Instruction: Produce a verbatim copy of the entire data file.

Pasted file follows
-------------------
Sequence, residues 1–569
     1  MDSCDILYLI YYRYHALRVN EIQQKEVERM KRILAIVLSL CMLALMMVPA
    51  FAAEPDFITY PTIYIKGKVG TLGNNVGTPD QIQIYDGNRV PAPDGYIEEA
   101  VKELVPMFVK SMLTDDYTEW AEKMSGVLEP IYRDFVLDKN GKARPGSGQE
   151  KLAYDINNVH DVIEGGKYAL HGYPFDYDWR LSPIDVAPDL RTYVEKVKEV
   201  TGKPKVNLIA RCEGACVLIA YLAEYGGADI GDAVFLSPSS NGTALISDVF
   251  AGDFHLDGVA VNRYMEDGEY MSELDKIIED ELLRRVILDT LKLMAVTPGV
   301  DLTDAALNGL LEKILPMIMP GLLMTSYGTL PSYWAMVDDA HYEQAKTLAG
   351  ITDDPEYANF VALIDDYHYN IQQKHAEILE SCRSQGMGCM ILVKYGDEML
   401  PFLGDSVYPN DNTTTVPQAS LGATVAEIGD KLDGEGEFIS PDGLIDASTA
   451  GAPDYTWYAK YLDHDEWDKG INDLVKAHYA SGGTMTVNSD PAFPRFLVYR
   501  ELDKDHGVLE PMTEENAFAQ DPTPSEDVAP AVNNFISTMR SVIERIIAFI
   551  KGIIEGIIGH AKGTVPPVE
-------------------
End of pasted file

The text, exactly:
Sequence, residues 1–569
     1  MDSCDILYLI YYRYHALRVN EIQQKEVERM KRILAIVLSL CMLALMMVPA
    51  FAAEPDFITY PTIYIKGKVG TLGNNVGTPD QIQIYDGNRV PAPDGYIEEA
   101  VKELVPMFVK SMLTDDYTEW AEKMSGVLEP IYRDFVLDKN GKARPGSGQE
   151  KLAYDINNVH DVIEGGKYAL HGYPFDYDWR LSPIDVAPDL RTYVEKVKEV
   201  TGKPKVNLIA RCEGACVLIA YLAEYGGADI GDAVFLSPSS NGTALISDVF
   251  AGDFHLDGVA VNRYMEDGEY MSELDKIIED ELLRRVILDT LKLMAVTPGV
   301  DLTDAALNGL LEKILPMIMP GLLMTSYGTL PSYWAMVDDA HYEQAKTLAG
   351  ITDDPEYANF VALIDDYHYN IQQKHAEILE SCRSQGMGCM ILVKYGDEML
   401  PFLGDSVYPN DNTTTVPQAS LGATVAEIGD KLDGEGEFIS PDGLIDASTA
   451  GAPDYTWYAK YLDHDEWDKG INDLVKAHYA SGGTMTVNSD PAFPRFLVYR
   501  ELDKDHGVLE PMTEENAFAQ DPTPSEDVAP AVNNFISTMR SVIERIIAFI
   551  KGIIEGIIGH AKGTVPPVE